The recent announcement from Sonos that it intended to stop software updates for some of its products was greeted with a furious backlash on social media with loyal customers demanding a #SonosBoycott. For years, Sonos has been a popular leader in sound systems but its reputation is now in tatters and any backtracking seems futile. Was Sonos’ decision a fatal consumer error? Is there any coming back from this?
Last week customers received an email from Sonos stating that, after May, some of its products would be “classified as legacy and no longer receive software updates and new features”. According to Sonos, “Legacy products were introduced between 2005 and 2011 and, given the age of the technology, do not have enough memory or processing power to sustain future innovation.” Apparently because “Sonos is a system, all products operate on the same software. If modern products remain connected to legacy products after May, they also will not receive software updates and new features.” Although affected devices would continue to work thereafter, the problem is that without the software updates, they would in time become unusable and destined only for landfill.
To add insult to injury, Sonos in their infinite wisdom decided to soften the blow and give customers the option of upgrading any affected models with 30% off the cost of replacements. Sadly this only served to fan the flames further with customers opting to turn their back on Sonos and source alternatives instead. The Sonos products are by no means cheap and many customers have invested thousands building their sound systems over the years. To make matters even worse, if customers do take the 30% discount then Sonos will send an irreversible software update to their old unit(s), which initiates a countdown. After which they will cease to work and therefore are likely to be thrown away. In a time of increasingly environmental awareness, this will have a significant impact in the sheer volume of electrical waste generated.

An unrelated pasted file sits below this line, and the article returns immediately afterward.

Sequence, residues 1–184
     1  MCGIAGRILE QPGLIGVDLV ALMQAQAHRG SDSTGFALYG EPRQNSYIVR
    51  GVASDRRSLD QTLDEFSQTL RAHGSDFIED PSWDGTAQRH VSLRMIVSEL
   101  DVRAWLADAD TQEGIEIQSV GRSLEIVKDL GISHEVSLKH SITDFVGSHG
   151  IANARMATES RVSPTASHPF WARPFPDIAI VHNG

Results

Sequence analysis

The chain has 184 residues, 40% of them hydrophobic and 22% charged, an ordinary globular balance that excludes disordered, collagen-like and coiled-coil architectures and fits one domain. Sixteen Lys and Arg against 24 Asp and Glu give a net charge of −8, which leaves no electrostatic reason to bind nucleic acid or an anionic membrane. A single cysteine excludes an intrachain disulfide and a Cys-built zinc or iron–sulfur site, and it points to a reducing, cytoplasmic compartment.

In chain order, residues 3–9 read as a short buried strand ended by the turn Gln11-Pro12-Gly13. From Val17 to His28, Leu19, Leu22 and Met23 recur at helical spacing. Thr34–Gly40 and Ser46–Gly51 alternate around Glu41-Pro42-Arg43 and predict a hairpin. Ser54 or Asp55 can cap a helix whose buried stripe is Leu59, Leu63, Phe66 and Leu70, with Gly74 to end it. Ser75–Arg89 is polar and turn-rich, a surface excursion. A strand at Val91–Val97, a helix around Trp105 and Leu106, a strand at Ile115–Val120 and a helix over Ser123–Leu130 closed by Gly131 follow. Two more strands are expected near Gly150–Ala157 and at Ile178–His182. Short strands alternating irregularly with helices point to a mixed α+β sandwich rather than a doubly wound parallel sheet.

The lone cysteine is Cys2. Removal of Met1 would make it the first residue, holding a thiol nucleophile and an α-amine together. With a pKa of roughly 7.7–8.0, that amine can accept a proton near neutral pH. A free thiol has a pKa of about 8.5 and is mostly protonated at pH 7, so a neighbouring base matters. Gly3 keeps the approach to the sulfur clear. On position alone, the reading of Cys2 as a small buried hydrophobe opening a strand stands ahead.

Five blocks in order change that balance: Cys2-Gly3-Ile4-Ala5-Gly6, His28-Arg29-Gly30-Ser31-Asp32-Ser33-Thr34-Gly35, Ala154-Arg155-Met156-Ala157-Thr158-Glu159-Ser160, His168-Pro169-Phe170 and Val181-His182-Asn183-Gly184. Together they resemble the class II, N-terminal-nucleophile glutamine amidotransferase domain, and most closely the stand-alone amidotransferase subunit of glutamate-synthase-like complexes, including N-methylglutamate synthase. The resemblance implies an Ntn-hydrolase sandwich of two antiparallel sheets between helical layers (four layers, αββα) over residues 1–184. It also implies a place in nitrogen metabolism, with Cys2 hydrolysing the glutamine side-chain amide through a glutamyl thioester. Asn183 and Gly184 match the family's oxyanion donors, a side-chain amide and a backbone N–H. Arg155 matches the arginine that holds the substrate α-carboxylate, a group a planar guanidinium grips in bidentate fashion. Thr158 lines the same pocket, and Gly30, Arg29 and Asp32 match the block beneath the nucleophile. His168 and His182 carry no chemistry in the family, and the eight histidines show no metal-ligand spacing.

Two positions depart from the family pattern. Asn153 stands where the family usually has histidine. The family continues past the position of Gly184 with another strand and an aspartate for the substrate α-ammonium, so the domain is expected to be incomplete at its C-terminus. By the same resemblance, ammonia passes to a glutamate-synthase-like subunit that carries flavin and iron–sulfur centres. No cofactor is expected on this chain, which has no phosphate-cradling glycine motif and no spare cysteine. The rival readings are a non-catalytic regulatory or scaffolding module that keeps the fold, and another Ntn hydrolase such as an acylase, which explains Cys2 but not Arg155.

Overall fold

Interestingly shares of the company were down 1.2 per cent at $US14.62 in early trading on Wednesday, US time and Sonos’ rating on Trust Pilot has plummeted from 5 to 1.5! This begs the question, what on earth were the powers that be thinking? Did they really think that customers would just accept that their current devices would be bricked and happily pay goodness knows how much for new units to replace those which had plenty of life left in them? I mean, seriously?
Following what can only be described as the ultimate consumer revolt, the CEO Patrick Spence send out this email with a personal apology to Sonos customers in the hope that they can forgive their ‘misstep’. Unfortunately sorry just does not cut it for a faux pas on this scale. The voices of the consumer may have been heard loud and clear but his words have fallen firmly on deaf ears.
It’s not so much what they did but how they did it. This compounded with the lack of notice given makes Sonos’ decision even more difficult to comprehend. EOL (End of life) notifications are usually a minimum of 12 months for obvious reasons.
I have reached out to CEO Patrick Spence for his comments on this issue but no response as yet. I suspect this could be damage limitation but from what I can see, the damage is already done, is irreparable and there will be no way back from this for Sonos. Hero to zero? Yes definitely, this is potentially not just a fatal consumer error but a catastrophic one.